Artist: That 1 Guy | Album: Set the Controls for the Heart of the Buttnoggin | Genre: Experimental rock, Electronic, “experimental ‘earthshaking future funk’ from the future maybe” (as per his Facebook) | Year: 2020
From: Las Vegas, USA | Label: Independent
For fans of: Buckethead, Primus
That 1 Guy is one of my favorite musical acts. I’ve seen him live over a dozen times since I first saw him open for Porcupine Tree in 2009. He tours relentlessly (or at least he did prior to this current COVID-related lockdown), and I would strongly recommend going to see him live if you get the opportunity. As his name implies, he’s a one-man musical project who plays the Magic Pipe, an instrument of his own invention. The Magic Pipe is depicted on this album cover, but here is some footage of it in action.
As much as I love That 1 Guy, I wouldn’t label him as progressive rock. He certainly has an experimental flair—what with the homemade instrument and all—but most of his songs are, structurally, pretty straightforward. His previous album, 2014’s Poseidon’s Deep Water Adventure Friends, was his most ambitious to date, featuring surprisingly complex compositions and highly varied textures. So, when he released this album, I saw how long the songs were and the fact that he had tagged himself as “progressive rock” on Bandcamp, and I decided to stretch my definition of the genre to write about this release.
With a title like Set the Controls for the Heart of the Buttnoggin, I was expecting something of a spacey, psychedelic album. Y’know, like the Pink Floyd song this album cribs its title from. Instead, this is the album where That 1 Guy has most fully embraced his electronic musical influences. (My apologies to aficionados of electronic music; I’m not one of you, and I’m sure a lot of my terminology will be vague and imprecise.) He’d flirted with electronica on all of his previous albums, but it was never anywhere as overt as it is here.
Following the strange, short title track, “Bringing the Gnar from the Vague” is a very strong piece. It demonstrates a lot of his usual tendencies in the verses: the rhythm is simple, but his use of synth textures is much more complex and multi-layered than usual. The chorus features weird, diminished chords, off-kilter chimes, and an irregular but catchy melody. The lyrics are weird and goofy, which is a trademark of his. (Poseidon is his least-overtly-silly album, and even then, humor is a major element.)
That 1 Guy is no stranger to long tracks, but he’s always had his longest pieces close albums. Here, though, the 11-minute “Buttnoggin vs. That 1 Guy: A Post-Psychedelic Techno Fantasy in 6 Parts” is presented early. It starts off promising, with more dissonant chords and the electronic bluegrass flair of a bow on the Magic Pipe. But much of this song draws from club-style electronic music, particularly in its last few minutes. The lyrics on this track are also some of the goofiest, and that does get to be distracting for me. (At least in a non-live environment; the fun and silliness are some of That 1 Guy’s greatest strengths as a live performer.)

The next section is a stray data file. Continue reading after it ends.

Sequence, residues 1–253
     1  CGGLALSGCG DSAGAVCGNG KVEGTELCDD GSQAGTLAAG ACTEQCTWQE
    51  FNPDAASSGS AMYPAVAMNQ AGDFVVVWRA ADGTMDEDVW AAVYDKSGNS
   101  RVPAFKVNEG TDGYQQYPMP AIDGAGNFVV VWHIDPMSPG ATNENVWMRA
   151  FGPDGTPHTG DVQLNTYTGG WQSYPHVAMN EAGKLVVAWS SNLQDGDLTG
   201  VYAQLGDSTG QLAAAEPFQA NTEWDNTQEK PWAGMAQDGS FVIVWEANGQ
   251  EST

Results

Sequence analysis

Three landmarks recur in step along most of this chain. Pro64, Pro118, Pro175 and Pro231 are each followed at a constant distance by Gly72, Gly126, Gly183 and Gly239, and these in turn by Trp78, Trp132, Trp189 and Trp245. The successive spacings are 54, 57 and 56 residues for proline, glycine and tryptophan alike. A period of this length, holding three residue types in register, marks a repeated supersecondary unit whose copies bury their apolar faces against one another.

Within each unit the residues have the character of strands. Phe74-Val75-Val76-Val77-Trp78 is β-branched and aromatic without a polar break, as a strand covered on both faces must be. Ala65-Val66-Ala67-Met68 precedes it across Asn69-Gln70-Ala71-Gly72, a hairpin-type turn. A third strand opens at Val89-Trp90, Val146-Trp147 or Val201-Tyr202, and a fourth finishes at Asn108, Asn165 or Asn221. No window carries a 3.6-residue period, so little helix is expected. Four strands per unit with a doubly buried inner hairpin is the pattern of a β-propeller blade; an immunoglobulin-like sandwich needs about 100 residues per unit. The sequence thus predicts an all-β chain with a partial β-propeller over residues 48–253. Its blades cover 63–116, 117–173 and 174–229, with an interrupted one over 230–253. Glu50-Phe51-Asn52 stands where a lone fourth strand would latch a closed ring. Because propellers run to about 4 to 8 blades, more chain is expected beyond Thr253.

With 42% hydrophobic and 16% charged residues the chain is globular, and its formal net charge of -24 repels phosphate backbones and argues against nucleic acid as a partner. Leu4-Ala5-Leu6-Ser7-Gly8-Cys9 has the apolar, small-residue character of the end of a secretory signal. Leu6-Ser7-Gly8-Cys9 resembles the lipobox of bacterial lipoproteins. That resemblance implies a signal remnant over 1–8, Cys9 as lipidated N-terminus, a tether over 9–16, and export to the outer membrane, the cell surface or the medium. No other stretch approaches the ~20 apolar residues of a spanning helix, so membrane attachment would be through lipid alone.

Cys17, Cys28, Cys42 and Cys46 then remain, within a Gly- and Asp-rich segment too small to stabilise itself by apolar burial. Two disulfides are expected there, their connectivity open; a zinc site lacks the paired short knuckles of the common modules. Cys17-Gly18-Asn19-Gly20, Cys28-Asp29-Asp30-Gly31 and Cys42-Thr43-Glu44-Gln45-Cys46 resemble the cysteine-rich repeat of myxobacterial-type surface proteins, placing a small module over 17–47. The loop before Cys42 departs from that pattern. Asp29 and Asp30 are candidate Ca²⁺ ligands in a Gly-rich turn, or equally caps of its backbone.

The instrumental “Joyshtick” is my favorite song on the album. It’s a soaring, melodic piece that wouldn’t feel out of place on an Ozric Tentacles record. His use of both a bow and finger-plucking on the Magic Pipe results in rich, contrasting textures: the former feels ethereal and atmospheric, while the latter is rich and earthy.
The closing “Electric Nipple (In Two Parts)” shows more multilayered synth arrangements and clever melodies in its first part. The second part, though, is more sinister, with heavily-affected vocals and darker synth tones.
When I first heard this album, I was unimpressed. It’s unquestionably grown on me, but it does have its weaknesses. The title track is a bizarre, scattershot two-and-a-half minutes that’s full of some pretty harsh, ugly synth tones. The song as a whole feels unnecessary and unfocused. It barely holds together. Additionally, many moments in “Buttnoggin vs. That 1 Guy” sound like something I’d hear in the background in a club scene in a movie, albeit with much more comical lyrics. And while I enjoy the slow-moving “Cosmic Sneeze (Buttitsnot)”, nothing about it is particularly distinct or noteworthy.
Set the Controls for the Heart of the Buttnoggin is not what I expected from That 1 Guy. But then again, it’s pretty hard to predict the moves of a man who invented his own instrument after growing frustrated with the limitations of a contrabass. This is an album that rewards repeated listens, as my initial reaction was on the negative end of middling. This isn’t his best or proggiest album (both those titles belong to Poseidon’s Deep Water Adventure Friends), but it’s an enjoyable stew of electronica, experimentalism, and humor.